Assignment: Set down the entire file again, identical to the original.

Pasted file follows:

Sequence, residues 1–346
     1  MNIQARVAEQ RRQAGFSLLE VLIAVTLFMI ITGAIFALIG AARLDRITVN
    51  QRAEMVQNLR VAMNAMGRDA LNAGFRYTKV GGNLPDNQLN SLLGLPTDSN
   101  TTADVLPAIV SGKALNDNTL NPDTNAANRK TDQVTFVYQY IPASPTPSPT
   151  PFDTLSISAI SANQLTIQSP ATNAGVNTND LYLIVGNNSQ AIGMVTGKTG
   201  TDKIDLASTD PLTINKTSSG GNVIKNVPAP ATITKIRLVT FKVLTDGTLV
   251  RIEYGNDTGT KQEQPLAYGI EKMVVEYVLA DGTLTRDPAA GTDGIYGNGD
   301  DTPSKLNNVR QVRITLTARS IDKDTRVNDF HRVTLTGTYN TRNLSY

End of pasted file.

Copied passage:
Sequence, residues 1–346
     1  MNIQARVAEQ RRQAGFSLLE VLIAVTLFMI ITGAIFALIG AARLDRITVN
    51  QRAEMVQNLR VAMNAMGRDA LNAGFRYTKV GGNLPDNQLN SLLGLPTDSN
   101  TTADVLPAIV SGKALNDNTL NPDTNAANRK TDQVTFVYQY IPASPTPSPT
   151  PFDTLSISAI SANQLTIQSP ATNAGVNTND LYLIVGNNSQ AIGMVTGKTG
   201  TDKIDLASTD PLTINKTSSG GNVIKNVPAP ATITKIRLVT FKVLTDGTLV
   251  RIEYGNDTGT KQEQPLAYGI EKMVVEYVLA DGTLTRDPAA GTDGIYGNGD
   301  DTPSKLNNVR QVRITLTARS IDKDTRVNDF HRVTLTGTYN TRNLSY